Long-term care providers ready to deal with 'doc fix'

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James M. Berklan, McKnight's Editor
James M. Berklan, McKnight's Editor

If you hang around long enough, you learn there are only two things long-term care providers fear after Republicans and Democrats. That would be hospitals and doctors.

Why the bother over these frequent partners in care? Simple: Uncle Sam has only so much money in his sack and nursing homes get their share only after hospitals and docs are taken care of. (That's a good mapping how your basic Accountable Care Organization hierarchy will play out, too, but that's a post for another day.)

Make no mistake: Hospitals and docs work hard to gain all that influence. It's not easy raising all those millions of dollars to put into lawmakers' favorite causes. Nursing homes do well in their own right with fund-raising, but they are still dwarfed by the physician lobby, which in turn is dwarfed by the hospital lobby.

So nursing home operators' fear is not misplaced. That's why a certain press release Tuesday from the American Health Care Association came as little surprise: “Skilled nursing providers prepare for Doc Fix Proposals.” Anxiety hung between the lines like thick grease. The release was timed for the same day as a Senate Finance Committee hearing exploring options for dealing with the so-called “doc [pay] fix.”

“We hope Congress can devise these solutions without looking to long-term and post-acute care providers as a ‘pay-for,'” said AHCA President and CEO Mark Parkinson. “Tapping one group of providers to assist another doesn't strengthen the system.”

LTC lobbyists, however, seem to have been preparing themselves for this. They seem almost resigned to the fact that something has to give and it's liable to be a part of their funding. In a textbook case of trying to make lemonade out of possible lemons, however, the LTC lobby is demanding a “therapy cap fix” to go with any “doc fix.”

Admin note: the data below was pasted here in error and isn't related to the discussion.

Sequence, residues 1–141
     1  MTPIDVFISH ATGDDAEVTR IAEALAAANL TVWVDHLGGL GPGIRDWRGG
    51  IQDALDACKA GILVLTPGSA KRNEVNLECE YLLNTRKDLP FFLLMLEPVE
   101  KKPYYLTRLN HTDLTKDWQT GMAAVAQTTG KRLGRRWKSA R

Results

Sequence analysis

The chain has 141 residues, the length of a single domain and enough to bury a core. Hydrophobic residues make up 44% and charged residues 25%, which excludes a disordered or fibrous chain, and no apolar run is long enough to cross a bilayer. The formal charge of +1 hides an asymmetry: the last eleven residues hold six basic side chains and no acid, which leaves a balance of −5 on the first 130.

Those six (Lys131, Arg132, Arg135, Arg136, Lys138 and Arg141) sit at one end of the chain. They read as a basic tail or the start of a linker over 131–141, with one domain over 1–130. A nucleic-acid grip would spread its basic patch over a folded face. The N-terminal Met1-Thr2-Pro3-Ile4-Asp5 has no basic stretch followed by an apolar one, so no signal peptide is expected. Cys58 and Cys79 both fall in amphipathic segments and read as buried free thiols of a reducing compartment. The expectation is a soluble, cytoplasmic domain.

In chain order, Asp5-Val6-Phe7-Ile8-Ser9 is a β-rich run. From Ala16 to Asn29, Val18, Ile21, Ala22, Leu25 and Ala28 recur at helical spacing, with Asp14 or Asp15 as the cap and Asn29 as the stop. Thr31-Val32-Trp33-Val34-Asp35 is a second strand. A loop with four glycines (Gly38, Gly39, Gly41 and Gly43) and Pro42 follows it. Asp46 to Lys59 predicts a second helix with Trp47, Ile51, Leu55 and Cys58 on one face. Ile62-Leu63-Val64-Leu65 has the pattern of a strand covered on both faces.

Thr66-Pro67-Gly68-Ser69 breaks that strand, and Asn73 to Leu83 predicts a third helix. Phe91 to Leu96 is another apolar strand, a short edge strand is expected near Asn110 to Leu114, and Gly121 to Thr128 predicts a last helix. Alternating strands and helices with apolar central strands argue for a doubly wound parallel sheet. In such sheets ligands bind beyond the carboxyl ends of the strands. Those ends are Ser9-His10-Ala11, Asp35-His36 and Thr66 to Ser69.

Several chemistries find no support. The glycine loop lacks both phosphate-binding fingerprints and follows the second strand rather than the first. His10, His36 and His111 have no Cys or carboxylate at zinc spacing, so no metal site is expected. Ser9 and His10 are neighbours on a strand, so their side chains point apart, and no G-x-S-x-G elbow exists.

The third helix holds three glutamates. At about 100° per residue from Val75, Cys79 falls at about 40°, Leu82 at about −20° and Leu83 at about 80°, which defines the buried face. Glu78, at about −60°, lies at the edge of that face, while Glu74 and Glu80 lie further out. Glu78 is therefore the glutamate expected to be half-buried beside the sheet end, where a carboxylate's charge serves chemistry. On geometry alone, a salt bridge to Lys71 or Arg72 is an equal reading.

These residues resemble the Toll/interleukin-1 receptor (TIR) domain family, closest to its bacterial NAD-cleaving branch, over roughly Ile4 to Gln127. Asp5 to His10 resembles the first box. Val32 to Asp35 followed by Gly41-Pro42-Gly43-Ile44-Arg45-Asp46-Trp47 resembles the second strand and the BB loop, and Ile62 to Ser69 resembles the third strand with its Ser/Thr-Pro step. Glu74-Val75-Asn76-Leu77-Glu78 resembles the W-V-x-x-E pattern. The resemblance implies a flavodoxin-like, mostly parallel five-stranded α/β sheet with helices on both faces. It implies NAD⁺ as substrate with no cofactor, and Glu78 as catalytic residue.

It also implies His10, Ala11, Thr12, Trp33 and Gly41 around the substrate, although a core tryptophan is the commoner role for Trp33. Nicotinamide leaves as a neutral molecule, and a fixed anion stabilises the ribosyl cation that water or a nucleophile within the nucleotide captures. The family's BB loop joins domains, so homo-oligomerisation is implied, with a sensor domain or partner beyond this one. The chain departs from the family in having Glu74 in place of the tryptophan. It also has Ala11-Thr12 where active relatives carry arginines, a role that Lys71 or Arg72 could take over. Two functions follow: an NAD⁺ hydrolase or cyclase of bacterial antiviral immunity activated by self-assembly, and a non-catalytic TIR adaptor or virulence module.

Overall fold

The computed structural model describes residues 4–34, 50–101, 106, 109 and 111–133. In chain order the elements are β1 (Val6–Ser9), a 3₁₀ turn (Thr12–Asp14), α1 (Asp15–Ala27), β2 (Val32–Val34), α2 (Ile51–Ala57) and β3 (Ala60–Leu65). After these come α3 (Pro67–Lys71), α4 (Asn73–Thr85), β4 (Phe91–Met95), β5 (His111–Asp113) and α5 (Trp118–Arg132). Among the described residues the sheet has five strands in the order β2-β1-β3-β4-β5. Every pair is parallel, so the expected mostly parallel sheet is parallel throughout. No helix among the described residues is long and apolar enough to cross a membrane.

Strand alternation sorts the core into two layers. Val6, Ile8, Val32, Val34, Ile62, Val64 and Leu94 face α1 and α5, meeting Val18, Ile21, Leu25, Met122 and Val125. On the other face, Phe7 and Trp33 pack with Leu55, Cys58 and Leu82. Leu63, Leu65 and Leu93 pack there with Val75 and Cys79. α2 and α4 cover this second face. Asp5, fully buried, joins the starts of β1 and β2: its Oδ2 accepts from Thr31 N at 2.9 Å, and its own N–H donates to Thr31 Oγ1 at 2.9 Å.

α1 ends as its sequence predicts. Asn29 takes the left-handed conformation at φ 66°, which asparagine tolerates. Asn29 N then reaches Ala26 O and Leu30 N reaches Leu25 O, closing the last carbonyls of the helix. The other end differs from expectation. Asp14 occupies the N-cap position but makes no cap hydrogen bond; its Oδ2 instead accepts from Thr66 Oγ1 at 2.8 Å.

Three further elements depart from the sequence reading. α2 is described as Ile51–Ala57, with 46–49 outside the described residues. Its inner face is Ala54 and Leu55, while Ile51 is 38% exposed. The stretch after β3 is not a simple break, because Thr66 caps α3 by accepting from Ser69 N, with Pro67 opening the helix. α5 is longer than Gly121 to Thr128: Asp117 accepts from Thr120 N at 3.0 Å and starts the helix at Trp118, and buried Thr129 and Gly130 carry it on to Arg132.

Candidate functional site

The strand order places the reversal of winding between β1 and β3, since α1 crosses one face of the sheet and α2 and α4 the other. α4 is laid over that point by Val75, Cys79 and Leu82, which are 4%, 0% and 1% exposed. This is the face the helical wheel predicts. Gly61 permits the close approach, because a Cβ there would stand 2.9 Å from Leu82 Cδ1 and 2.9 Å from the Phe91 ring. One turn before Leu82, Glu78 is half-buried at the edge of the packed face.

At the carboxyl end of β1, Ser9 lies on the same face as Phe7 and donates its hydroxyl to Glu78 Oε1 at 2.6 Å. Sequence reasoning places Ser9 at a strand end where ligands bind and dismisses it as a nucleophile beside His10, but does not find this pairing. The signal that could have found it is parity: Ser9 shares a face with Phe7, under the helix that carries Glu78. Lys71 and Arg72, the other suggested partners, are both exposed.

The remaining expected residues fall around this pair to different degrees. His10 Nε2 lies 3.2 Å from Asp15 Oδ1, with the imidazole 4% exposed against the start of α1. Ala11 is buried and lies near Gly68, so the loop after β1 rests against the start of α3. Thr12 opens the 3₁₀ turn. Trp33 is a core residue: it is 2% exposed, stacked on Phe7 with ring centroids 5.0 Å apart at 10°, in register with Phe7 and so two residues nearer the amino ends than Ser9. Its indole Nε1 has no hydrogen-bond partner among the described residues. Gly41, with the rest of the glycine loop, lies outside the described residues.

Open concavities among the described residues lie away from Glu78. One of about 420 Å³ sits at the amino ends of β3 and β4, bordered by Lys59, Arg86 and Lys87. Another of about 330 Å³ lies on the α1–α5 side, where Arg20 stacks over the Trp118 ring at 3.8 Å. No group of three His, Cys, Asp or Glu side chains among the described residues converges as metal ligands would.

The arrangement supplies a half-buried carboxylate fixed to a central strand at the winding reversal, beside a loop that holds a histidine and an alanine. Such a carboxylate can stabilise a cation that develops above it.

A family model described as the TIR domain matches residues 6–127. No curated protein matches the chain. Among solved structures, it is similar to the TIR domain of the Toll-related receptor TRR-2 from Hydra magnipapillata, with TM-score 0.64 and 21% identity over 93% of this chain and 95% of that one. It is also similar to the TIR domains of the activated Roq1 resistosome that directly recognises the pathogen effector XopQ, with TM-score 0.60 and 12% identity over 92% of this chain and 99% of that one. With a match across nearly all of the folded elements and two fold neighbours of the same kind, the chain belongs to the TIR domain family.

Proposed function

That could certainly take the sting out of a physician's needle to the LTC arm.

As for Tuesday's Finance Committee hearing, it was a mixed bag, with no obvious saving lines. While some naively called for a freeze of physician pay rates, others made silly proposals to diminish the Sustainable Growth Rate, which currently calls for something like a 30% pay cut for Medicare doctors. While that is, and has been, beyond the realm of the doable, long-term care stakeholders still know that someone always will have to come up with dough for docs. It is going to be hard to give physicians their desired increase without taking back somebody else's funding.

That's where long-term care's insecurities come into play. The good news is the LTC client base will be powerful for many years into the future. There's no getting around the boom. It might be the strongest leverage LTC providers have.


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Daily Editors' Notes

McKnight's Daily Editors' Notes features commentary on the latest in long-term care news and issues. Entries are written by Editorial Director John O'Connor, Editor James M. Berklan, Senior Editor Elizabeth Newman and Staff Writer Emily Mongan.

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